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5 former education secretaries: Keep DACA intact

Sep 10, 2017 by

Greg Toppo –

The Obama-era program that shields nearly 800,000 young undocumented immigrants from deportation just got a powerful endorsement: Five former U.S. education secretaries, both Republicans and Democrats, have written to Congress asking lawmakers to keep the program intact.

The Trump administration earlier this week said it would phase out Deferred Action for Childhood Arrivals (DACA), giving Congress six months to formulate a permanent legislative fix. Fifteen states and the District of Columbia on Wednesday said they’d sue over the decision.

Late Wednesday, five former U.S. education secretaries sent a letter to lawmakers, saying the contributions of so-called DREAMers “have already made our country stronger.”

They noted that 45% of DACA recipients are in “sharpening their minds” in school; they are, as a group, “accelerating innovation by developing new technologies, teaching the next generation of leaders in our public schools, treating patients in our hospitals, and contributing to rescue efforts in Houston” in the wake of Hurricane Harvey.

The letter is signed by officials from the past three administrations: Arne Duncan and John King, President Obama’s education secretaries; Rod Paige and Margaret Spellings, who served under President George W. Bush; and Richard Riley, who served under President Clinton.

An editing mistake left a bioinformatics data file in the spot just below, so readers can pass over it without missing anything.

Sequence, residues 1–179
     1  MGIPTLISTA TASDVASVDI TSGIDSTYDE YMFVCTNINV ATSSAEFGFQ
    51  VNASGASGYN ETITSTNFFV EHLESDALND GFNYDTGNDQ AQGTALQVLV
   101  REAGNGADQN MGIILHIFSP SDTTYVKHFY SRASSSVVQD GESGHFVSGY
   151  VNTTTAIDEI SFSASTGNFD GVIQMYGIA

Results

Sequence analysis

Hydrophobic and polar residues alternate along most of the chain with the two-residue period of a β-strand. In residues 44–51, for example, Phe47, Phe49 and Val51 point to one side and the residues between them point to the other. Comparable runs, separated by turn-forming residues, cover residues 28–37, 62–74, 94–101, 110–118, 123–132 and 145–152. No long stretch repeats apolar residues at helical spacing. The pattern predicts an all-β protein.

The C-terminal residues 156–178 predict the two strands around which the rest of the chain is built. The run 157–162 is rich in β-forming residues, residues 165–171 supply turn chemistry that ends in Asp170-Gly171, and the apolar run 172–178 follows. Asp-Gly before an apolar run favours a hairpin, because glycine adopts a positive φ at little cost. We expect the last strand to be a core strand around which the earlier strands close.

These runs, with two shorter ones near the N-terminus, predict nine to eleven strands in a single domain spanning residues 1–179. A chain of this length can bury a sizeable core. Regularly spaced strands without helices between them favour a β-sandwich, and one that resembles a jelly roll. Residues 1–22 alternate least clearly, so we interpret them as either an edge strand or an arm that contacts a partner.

Trump’s action on DACA, they said, “would trigger a chaotic reversal of the gains achieved” by these young people, “undermine faith in our country’s immigration system, and make it harder to enforce our laws. It would create a gaping hole in our economy, disrupt our communities, and make it infinitely harder to strengthen our immigration system and protect our country.”

The DREAMers, they said, “are American in every way but their paperwork … We must not, we cannot, let these children down.”

A group of 64 education groups has already asked Congress to act on the program.

New York Attorney General Eric Schneiderman, who is leading the 15-state group that’s suing the Trump administration, on Wednesday said Trump’s decision is “cruel, shortsighted, inhumane and potentially devastating” to the young immigrants, many of whom were brought to the U.S. illegally as children.

In their complaint, state officials also said Trump’s actions exposed a willingness to discriminate against ethnic minorities to raise Trump’s political standing.

Attorney General Jeff Sessions, who first announced the administration’s action Tuesday, called DACA an “unconstitutional exercise of authority by the executive branch.”

Source: 5 former education secretaries: Keep DACA intact

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